What to read next... Help?

While I keep working on the novels (not a lot of progress to report on the wordcount front, but I have advanced in both the Battle of Memphis and the development for The Goth, and I keep raising my knowledge of all the cultures involved), I am faced with some strange elections to make about which next novel to read.

I am reading lots of non-fiction books, of course, about Roma, Goths, History, Archaeology, Linguistics, etc... Documentation, documentation, documentation!

However my mind needs some relax and fun, as well as good example to learn from. So, I'll talk only about the novels I am currently reading or about to read.

I am now reading and (close to the end) Baudolino, by Humberto Eco. Very funny, indeed!

I have also started to read El triunfo de los bárbaros (Triumph of the Barbarians), written by a Spanish writer, Luis de la Luna Valero, which I don't think has been translated or published in anglosaxon lands. It starts in 414 and goes up to 430s, which is basically what happened next to my novel... :-) It looks promising, I'll let you know.

Now, what do read when this is finished? I will finish Baudolino, but I have these books I want to tackle, but which ones first?

  • Graves, Robert, Count Belisarius, 1938 in a 2002 Spanish edition
  • Merezhkovski, Dmitri, Death of the Gods, 1896 in a Spanish edition of 1998
  • Vidal, Gore, Julian, 1963 in a 2005 Spanish re-edition of 1983

Now, Graves's is interesting and I will read it, but two books of Julian may be too much, even when I am sure they will be very different... Nevertheless, if any of you can let me know about any of these three books, specially about Julian's ones, I'll be very grateful.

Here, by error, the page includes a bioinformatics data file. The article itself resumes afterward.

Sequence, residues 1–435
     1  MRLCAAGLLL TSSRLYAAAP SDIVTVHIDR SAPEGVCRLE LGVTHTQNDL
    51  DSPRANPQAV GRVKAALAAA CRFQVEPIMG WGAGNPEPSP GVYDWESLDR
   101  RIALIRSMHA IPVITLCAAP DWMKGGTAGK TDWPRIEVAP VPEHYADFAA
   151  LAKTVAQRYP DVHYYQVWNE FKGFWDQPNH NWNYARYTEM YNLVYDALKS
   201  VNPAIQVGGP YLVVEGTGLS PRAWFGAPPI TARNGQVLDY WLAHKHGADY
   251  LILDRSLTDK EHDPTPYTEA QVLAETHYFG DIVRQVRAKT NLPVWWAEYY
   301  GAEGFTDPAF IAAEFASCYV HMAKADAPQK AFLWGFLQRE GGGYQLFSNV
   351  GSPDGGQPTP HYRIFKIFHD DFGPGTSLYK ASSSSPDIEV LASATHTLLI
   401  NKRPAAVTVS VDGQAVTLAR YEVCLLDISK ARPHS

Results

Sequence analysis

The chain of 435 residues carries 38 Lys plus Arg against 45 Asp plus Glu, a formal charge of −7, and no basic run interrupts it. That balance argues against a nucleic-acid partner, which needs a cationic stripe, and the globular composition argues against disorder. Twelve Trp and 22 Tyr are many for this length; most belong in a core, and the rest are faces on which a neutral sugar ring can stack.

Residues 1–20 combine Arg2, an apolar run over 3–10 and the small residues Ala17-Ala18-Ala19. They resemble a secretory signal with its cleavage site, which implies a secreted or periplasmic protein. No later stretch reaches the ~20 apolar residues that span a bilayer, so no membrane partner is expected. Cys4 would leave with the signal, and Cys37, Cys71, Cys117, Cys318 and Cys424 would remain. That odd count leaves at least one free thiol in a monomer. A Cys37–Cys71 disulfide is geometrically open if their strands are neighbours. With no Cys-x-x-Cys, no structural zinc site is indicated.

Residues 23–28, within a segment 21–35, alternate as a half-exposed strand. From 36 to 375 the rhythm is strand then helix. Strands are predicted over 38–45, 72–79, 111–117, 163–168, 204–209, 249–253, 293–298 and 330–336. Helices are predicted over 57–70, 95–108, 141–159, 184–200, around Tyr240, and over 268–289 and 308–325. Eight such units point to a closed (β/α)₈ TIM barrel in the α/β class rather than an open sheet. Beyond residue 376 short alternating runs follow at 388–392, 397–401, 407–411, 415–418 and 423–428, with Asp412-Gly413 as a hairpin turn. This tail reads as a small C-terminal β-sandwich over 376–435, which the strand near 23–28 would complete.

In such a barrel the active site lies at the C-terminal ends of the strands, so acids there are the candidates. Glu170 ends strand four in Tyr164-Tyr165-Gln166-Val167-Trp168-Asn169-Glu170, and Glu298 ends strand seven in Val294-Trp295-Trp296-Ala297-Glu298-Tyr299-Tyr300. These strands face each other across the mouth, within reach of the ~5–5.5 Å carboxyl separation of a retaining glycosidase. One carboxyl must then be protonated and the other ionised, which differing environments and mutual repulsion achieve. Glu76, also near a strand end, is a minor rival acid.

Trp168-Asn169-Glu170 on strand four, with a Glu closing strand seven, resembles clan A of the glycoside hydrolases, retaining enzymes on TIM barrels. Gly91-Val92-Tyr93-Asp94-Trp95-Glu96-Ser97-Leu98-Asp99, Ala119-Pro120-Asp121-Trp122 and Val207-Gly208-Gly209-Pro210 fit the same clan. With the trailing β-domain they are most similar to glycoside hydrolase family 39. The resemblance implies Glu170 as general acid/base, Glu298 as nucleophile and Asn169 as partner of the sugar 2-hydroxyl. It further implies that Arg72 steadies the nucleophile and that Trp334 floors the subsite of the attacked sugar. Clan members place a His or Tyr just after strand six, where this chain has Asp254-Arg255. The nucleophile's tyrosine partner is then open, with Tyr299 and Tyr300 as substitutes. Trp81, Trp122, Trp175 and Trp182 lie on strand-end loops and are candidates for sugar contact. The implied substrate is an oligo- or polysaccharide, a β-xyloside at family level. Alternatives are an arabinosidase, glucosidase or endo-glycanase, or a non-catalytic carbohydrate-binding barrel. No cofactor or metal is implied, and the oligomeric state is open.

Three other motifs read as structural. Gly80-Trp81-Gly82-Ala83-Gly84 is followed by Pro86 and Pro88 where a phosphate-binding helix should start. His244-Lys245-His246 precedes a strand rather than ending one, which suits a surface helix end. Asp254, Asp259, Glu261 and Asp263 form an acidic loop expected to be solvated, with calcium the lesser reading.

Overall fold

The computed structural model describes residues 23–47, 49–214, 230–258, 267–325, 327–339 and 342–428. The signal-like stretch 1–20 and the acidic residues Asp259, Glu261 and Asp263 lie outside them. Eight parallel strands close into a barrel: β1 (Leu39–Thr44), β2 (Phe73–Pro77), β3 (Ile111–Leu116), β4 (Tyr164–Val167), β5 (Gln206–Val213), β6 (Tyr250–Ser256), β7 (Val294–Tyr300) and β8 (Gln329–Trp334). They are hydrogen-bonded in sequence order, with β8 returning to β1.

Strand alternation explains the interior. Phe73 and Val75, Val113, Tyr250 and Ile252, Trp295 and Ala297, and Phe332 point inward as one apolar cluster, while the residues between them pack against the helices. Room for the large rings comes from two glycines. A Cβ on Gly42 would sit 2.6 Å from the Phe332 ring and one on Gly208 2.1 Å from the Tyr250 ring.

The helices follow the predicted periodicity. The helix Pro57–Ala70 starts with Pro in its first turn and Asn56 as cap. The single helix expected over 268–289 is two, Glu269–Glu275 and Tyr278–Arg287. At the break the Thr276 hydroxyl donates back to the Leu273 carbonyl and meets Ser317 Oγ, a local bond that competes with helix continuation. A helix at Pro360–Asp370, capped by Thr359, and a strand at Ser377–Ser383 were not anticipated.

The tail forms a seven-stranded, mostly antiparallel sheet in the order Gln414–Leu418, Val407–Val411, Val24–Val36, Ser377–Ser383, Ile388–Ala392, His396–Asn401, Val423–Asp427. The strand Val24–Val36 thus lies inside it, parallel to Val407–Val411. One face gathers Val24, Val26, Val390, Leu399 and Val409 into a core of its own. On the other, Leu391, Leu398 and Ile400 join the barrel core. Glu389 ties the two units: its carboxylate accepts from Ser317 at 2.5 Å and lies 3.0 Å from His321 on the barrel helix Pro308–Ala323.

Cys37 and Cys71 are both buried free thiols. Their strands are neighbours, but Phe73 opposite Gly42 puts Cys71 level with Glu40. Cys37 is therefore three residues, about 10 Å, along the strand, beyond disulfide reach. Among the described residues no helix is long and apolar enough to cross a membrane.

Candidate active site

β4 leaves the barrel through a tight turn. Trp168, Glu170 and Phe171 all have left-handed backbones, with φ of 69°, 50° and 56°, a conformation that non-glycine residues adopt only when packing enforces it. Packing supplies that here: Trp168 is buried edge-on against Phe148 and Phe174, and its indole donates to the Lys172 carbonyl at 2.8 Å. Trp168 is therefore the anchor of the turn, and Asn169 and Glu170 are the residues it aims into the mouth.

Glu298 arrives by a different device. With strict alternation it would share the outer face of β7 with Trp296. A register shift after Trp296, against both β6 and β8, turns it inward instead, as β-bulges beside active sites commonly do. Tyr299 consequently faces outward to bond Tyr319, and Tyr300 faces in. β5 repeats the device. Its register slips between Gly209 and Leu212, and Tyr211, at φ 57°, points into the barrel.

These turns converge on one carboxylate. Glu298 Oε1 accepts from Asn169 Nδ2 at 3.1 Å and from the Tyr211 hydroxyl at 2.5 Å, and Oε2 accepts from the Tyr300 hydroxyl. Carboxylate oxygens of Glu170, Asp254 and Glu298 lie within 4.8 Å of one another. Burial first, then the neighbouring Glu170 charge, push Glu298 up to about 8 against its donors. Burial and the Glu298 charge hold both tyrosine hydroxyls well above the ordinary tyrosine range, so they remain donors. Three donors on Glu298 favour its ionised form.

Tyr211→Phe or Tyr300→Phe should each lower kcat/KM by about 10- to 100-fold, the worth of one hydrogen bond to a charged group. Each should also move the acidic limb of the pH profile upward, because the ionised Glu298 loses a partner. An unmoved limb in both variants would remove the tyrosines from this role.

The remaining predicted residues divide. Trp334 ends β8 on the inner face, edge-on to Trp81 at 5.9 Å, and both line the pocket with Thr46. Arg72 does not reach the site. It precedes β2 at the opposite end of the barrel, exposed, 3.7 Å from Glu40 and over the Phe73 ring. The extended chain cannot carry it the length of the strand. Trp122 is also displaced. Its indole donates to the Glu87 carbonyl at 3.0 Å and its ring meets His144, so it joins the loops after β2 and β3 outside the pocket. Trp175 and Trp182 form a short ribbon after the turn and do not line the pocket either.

Thanks and kallisti!


Carla said...

Well, I read Graves' Count Belisarius and liked it. In English, though, so I don't know how the Spanish translation will be. It tells Belisarius' life story from childhood to old age, seen through the eyes of a trusted slave belonging to Belisarius' wife Antonina. Emperor Justinian and his wife Theodora (an old friend of Antonina from their lap-dancing days) are secondary characters. Justinian is probably the least sympathetic character and Belisarius is almost supernaturally noble. Antonina was probably my favourite character. There is a lot of good military description of Belisarius' campaigns against the Vandals in North Africa, of his taking Naples and defending Rome during the (temporary) reconquest of Italy, and a last-ditch defence of Constantinople. You can probably judge the military historical accuracy better than I can; all I can say is that it convinced me and didn't disagree with my limited prior knowledge of the period. The style is understated, reminding me of I, Claudius.
I hope that's some help to you? I haven't read the others you mention.
PS - found you via Gabriele's blog and forum, by the way.

Excalibor said...

Carla, thanks a bunch for your help!

I decided to read Vidal's Julian, and as soon as I finish it, I'll start with Graves's Bellisarius, it looks promising, and it comes from a time period I only know very badly, although I have some hoplological ideas about warfare at the time.

Nevertheless it seems it will be a great book, and from Gore Vidal's introduction to his book about criticisms Graves received from I, Claudius about the sources he managed, it seems he was a pretty exhaustive investigator, it will be cool, I'm fairly sure.

Best regards and thanks a bunch!

PS- Gab is great, and attracts many more readers than I do, and with good reason! See you around over those places, I like her forum, even when I sometimes get uninspired by some time periods or particular discussions... :-)